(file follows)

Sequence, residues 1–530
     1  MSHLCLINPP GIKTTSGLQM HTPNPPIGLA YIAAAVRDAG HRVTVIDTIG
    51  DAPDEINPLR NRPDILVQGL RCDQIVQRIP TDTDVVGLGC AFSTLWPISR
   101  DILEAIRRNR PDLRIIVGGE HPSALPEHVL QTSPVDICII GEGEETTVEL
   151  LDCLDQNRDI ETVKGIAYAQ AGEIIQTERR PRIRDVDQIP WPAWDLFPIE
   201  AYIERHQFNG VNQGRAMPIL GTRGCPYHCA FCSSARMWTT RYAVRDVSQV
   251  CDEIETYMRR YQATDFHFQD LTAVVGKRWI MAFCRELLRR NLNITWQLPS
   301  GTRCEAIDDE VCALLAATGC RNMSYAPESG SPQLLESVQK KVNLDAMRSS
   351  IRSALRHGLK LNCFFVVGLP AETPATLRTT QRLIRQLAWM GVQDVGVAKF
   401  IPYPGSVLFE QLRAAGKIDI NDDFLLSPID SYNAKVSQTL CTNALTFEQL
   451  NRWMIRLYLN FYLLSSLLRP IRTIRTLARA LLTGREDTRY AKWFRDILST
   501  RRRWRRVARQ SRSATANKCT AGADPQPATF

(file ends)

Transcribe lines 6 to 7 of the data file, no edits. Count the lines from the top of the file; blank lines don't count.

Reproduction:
   201  AYIERHQFNG VNQGRAMPIL GTRGCPYHCA FCSSARMWTT RYAVRDVSQV
   251  CDEIETYMRR YQATDFHFQD LTAVVGKRWI MAFCRELLRR NLNITWQLPS